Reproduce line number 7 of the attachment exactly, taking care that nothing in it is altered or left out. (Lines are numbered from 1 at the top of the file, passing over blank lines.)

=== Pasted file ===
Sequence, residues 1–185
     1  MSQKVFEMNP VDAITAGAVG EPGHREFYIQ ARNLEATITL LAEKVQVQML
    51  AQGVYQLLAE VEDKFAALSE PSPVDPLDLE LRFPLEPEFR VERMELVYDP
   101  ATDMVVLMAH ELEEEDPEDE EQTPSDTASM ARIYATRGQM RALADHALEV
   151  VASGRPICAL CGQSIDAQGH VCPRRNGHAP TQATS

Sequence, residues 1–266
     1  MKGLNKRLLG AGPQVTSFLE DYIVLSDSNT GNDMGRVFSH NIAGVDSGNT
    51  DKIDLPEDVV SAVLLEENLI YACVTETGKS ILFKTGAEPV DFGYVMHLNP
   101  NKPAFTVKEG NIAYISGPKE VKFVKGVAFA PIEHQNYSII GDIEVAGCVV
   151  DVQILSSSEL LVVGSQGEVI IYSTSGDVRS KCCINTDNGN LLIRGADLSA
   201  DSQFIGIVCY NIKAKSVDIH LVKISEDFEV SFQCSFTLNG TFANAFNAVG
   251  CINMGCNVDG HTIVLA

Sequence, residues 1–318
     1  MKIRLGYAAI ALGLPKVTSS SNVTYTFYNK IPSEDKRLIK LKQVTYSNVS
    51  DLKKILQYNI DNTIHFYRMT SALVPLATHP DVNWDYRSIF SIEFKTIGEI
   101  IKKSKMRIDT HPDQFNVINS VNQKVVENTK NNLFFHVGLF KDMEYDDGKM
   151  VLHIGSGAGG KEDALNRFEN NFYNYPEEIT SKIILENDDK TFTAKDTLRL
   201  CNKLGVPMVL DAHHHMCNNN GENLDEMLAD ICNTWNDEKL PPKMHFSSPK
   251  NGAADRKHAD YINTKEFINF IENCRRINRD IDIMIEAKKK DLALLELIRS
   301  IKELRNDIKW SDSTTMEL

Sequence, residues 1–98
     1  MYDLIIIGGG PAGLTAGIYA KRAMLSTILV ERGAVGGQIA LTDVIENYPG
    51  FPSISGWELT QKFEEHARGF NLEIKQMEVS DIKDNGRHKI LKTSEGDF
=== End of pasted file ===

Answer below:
     1  MKGLNKRLLG AGPQVTSFLE DYIVLSDSNT GNDMGRVFSH NIAGVDSGNT